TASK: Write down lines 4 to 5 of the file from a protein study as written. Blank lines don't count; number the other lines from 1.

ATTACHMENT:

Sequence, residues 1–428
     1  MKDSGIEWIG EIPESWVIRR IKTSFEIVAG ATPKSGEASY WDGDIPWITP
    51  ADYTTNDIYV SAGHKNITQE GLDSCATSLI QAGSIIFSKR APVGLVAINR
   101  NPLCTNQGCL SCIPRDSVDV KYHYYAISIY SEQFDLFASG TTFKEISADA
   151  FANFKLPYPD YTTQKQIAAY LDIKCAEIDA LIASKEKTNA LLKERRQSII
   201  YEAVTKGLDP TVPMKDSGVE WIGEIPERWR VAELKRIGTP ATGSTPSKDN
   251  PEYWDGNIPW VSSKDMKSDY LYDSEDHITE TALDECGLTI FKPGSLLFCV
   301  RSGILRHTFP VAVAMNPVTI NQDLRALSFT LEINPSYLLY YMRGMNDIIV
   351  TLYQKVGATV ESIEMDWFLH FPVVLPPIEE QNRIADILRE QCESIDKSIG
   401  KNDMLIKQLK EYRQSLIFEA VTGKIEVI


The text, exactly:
   101  NPLCTNQGCL SCIPRDSVDV KYHYYAISIY SEQFDLFASG TTFKEISADA
   151  FANFKLPYPD YTTQKQIAAY LDIKCAEIDA LIASKEKTNA LLKERRQSII